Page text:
After Ukraine’s president Volodymyr Zelensky finished multilateral peace talks in Paris, the emphatic media message was that “no red lines had been crossed” in negotiations with Russian leader Vladimir Putin. It sounded like Zelensky was far more concerned with trying to reassure observers he hadn’t “capitulated” to Putin, rather than engaging in a genuine dialogue to resolve his country’s conflict.
The so-called Normandy Four format of France, Germany, Russia and Ukraine is scheduled to meet again in four months. The meeting in Paris on December 9 was the first time leaders had convened after nearly a three-year hiatus. It is to be welcomed that President Zelensky, who was elected in April, shows a willingness to engage with Russia, unlike predecessor Petro Poroshenko, in order to bring peace to eastern Ukraine. The region has been mired in nearly six years of civil war.
During the Paris talks, there was agreement to uphold a ceasefire in Ukraine’s Donbas region, and to extend deconfliction zones by withdrawing troops and artillery. There was also agreement on the exchange of all prisoners between Ukraine government forces and the pro-Russia rebels in Donbas. All very good. But what about the full implementation of the Minsk Accord signed back in 2015?
That accord obliges the government in Kiev to permit elections and regional autonomy in the Donbas. It also obliges a full amnesty for rebels who took up arms against the Kiev administration, which came to power through an illegal US-backed coup in February 2014. The Kiev power grab ushered in an ultra-nationalist Russophobic regime intent on dominating the pro-Russian eastern region. The dramatic shift in power in Kiev towards Neo-Nazi demagogues and paramilitaries was the decisive factor in Donbas taking up arms and also in pro-Russia Crimea seceding in March 2014 and joining the Russian Federation.
Regrettably, President Zelensky appears unwilling to implement the Minsk deal which his predecessor signed up to. In fact, at the concluding press conference jointly held by the four leaders at the Paris talks, Zelensky was given to trying to re-write Minsk. He insisted on “security issues” being settled before political issues. That suggests he wants rebels in Donbas to disarm without Kiev recognizing the region’s autonomy. Zelensky also insisted on “not giving up Donbas and Crimea”, and of regaining control over all of Ukraine’s borders, including those adjacent to Russia.
The Minsk deal – which France, Germany and Russia are in concurrence on as being the only viable way forward to peace – does not say anything about Crimea “being returned” to Ukraine. The accord does not precondition autonomy in the Donbas on a prior disarmament.
In other words, Zelensky is going off script on the Minsk terms for finding a peace settlement. His position is still not adhering to the obligations his government signed up to. Perhaps over the coming months, the Ukrainian president may come round to fulfilling responsibilities as stipulated by the Minsk accord.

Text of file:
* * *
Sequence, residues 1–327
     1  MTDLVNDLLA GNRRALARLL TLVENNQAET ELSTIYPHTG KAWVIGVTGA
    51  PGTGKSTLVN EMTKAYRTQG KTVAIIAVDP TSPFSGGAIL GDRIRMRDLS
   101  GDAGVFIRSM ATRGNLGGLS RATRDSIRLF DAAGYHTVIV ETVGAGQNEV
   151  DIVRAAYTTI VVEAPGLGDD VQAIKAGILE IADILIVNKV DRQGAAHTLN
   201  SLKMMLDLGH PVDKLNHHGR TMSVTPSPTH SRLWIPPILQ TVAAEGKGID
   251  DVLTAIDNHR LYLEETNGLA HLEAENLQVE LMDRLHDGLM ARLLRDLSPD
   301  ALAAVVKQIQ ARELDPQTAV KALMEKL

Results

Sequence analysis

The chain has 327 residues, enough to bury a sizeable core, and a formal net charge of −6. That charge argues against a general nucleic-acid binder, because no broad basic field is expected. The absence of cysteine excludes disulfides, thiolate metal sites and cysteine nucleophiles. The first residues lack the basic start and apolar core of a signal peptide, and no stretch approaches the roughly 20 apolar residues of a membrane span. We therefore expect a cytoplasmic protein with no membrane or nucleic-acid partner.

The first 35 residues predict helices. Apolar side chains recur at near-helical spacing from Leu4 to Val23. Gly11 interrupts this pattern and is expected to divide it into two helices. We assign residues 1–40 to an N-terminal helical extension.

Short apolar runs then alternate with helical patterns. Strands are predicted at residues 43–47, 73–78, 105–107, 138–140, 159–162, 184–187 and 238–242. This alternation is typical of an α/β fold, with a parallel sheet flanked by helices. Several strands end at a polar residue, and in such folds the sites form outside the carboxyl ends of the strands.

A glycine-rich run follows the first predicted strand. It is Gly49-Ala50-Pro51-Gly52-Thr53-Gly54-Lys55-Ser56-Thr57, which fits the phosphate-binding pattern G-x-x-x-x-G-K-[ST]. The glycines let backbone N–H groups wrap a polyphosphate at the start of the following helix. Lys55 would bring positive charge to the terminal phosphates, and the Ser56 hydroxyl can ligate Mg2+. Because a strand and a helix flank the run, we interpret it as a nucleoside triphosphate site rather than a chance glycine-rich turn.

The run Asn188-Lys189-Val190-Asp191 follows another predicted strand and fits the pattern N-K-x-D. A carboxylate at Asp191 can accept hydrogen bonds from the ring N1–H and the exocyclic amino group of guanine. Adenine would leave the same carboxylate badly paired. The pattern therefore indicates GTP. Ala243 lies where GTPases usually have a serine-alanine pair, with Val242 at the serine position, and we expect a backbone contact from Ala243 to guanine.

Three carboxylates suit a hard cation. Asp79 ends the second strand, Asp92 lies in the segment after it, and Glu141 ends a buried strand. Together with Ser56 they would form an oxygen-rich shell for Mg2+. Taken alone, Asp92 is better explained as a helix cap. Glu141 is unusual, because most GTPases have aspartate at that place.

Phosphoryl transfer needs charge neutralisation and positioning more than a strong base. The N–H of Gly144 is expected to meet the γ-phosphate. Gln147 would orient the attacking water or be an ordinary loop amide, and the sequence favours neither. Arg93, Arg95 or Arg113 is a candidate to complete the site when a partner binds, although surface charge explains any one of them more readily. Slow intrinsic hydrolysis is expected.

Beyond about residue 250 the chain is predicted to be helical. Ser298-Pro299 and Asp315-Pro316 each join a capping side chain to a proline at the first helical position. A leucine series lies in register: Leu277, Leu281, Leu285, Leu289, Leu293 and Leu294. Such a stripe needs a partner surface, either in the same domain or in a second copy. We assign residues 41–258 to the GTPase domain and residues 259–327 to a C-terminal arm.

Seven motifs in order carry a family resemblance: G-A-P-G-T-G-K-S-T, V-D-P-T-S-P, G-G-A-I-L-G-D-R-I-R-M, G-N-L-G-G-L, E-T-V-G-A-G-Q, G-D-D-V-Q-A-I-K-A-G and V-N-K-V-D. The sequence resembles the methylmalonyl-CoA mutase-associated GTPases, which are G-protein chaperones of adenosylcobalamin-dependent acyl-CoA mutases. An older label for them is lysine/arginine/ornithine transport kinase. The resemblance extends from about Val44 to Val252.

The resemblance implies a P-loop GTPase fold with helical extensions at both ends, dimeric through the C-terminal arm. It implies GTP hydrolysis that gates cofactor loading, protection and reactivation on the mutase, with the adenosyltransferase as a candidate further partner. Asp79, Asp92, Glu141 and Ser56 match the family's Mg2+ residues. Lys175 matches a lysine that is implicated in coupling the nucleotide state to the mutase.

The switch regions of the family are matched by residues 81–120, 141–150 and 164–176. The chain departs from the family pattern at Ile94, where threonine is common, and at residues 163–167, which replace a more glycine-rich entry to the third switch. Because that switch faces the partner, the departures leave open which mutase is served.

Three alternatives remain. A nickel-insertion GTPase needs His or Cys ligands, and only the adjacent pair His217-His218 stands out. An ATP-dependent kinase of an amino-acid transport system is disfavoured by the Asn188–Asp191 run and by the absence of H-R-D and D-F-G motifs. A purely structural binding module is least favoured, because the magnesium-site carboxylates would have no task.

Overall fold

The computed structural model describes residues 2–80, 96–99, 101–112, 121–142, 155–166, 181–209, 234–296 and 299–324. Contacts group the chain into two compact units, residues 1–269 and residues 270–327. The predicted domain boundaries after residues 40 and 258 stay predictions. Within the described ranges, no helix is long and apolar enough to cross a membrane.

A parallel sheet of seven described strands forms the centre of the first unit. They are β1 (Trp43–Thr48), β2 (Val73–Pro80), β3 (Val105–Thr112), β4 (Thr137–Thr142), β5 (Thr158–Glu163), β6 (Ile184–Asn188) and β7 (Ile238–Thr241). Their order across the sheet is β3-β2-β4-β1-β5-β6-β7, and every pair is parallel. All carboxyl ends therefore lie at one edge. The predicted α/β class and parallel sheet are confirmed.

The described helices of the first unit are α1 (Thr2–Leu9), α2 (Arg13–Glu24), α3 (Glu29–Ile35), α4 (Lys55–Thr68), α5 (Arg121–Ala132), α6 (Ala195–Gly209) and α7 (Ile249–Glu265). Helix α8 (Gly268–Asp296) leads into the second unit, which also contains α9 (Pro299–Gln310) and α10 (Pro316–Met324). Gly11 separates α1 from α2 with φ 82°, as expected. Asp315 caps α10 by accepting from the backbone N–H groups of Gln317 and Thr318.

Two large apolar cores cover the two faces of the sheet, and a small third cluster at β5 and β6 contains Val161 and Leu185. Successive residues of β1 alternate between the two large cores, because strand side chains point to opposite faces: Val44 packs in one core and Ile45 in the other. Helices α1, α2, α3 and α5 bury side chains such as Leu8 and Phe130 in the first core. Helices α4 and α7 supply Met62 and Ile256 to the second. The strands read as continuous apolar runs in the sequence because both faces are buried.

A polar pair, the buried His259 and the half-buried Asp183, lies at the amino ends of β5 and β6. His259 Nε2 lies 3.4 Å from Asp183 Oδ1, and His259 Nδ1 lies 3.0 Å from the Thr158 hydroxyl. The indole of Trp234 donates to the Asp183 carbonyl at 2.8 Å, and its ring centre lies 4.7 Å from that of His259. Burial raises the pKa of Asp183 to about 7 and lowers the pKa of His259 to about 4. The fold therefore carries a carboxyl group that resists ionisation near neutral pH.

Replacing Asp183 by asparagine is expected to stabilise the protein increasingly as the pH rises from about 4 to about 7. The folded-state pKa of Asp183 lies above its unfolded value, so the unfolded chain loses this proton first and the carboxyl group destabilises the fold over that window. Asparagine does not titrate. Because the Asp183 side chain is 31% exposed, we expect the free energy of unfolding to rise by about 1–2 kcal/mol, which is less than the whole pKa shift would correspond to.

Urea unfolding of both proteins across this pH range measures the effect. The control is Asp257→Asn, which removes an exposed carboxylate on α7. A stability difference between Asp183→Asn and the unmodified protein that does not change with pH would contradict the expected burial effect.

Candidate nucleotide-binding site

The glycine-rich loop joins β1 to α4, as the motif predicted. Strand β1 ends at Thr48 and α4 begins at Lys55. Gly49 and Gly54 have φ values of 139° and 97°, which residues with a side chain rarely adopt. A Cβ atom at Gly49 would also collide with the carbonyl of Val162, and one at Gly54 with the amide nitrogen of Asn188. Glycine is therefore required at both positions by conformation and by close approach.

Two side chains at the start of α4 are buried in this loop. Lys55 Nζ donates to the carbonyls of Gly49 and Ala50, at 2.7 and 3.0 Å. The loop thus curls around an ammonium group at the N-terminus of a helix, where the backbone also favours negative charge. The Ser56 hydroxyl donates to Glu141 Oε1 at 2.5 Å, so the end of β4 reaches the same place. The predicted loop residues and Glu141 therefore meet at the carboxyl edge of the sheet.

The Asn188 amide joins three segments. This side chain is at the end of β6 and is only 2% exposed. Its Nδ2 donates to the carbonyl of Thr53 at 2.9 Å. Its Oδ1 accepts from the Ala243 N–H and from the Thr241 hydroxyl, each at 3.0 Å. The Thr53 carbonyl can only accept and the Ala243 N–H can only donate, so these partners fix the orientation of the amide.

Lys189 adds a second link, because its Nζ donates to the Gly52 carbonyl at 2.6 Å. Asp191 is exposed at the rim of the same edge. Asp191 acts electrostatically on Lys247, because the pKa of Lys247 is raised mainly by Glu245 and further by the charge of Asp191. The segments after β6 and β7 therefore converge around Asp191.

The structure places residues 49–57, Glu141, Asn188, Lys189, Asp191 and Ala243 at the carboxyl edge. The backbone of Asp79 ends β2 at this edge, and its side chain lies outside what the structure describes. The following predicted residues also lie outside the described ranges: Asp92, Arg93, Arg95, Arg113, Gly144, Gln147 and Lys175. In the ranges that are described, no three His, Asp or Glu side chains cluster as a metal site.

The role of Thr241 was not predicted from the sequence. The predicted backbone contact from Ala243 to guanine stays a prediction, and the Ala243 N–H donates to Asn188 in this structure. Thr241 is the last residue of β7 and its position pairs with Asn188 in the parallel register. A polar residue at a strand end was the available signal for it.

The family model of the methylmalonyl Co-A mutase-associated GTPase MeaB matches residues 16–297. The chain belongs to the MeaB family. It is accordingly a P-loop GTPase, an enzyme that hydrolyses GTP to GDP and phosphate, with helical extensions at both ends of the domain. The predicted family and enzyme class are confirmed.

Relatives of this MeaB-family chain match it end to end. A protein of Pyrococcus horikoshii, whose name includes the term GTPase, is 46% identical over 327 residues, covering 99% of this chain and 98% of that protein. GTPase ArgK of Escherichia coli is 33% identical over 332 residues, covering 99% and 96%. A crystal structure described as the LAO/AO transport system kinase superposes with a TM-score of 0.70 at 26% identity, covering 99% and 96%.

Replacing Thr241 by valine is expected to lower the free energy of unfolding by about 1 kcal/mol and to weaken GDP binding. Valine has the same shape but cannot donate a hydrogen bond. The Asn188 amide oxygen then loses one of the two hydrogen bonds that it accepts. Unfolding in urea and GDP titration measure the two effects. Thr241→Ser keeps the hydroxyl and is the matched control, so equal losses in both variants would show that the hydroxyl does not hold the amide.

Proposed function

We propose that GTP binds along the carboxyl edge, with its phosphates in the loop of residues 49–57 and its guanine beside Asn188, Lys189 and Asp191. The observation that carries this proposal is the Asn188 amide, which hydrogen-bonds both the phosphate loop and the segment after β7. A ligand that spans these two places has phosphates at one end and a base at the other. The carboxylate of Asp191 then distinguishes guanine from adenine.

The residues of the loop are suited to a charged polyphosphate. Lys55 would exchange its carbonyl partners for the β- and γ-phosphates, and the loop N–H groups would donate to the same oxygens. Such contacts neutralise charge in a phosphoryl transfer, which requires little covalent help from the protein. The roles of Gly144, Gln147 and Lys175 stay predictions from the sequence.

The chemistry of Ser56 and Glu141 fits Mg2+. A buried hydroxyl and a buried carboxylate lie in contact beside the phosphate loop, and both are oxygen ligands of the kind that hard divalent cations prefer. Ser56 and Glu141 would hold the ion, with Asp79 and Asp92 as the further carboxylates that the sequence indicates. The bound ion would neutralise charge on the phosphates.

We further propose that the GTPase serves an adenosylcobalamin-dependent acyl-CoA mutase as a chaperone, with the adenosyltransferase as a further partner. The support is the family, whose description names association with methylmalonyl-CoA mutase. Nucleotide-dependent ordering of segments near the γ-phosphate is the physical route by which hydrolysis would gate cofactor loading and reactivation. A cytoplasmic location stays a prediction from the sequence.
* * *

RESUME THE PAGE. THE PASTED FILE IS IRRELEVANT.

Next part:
But there are, unfortunately, reasons to be skeptical. That’s because the relentless Russophobia residing in Washington leaves Zelensky with little room for maneuver. The shaky Kiev regime is totally reliant on Washington’s patronage for its IMF financial life-line, as well as for military support. Zelensky is the president of a vassal state. Washington calls the tune and the tributes.
As could be seen more than ever during the recent impeachment hearings on President Trump, the consensus in Washington is that Ukraine is “at war with Russia”. American politicians and media are convinced in their Cold War delusions that Russia has invaded Ukraine and is the “aggressor” against a “freedom-loving nation”. That propaganda narrative, of course, reinforces the delusions of the Russia-hating ultra-nationalists in Ukraine who have threatened Zelensky’s life if he “surrenders” to Russia.
Hence, the conflict in Ukraine is not being addressed as the internal one that it really is. Instead, it is being viewed through the Russophobic lens as an external problem, allegedly created by Russian aggression. That means the “solution” is about standing up to Russia with lots more US military aid, rather than addressing the core issues of Kiev’s toxic politics and policies towards its separatist regions.
Russia is a guarantor of Minsk, just like France and Germany are. It is not a party with obligations to fulfill. Those obligations are on the politicians in Kiev and the rebels in eastern Ukraine.
With Washington pressing Zelensky to stand up to non-existing “Russian aggression” that means the search for peace in Ukraine will remain elusive. Peace will only come to Ukraine when Washington stops kicking Kiev around like a political football to gratify its Cold War hostility towards Russia. That’s unlikely to happen in the near future.
When Zelensky seeks to reassure that “no red lines” have been crossed, his mind is not on genuine peace negotiations. Rather, he is seeking to placate Ukraine’s hostage-takers in Washington.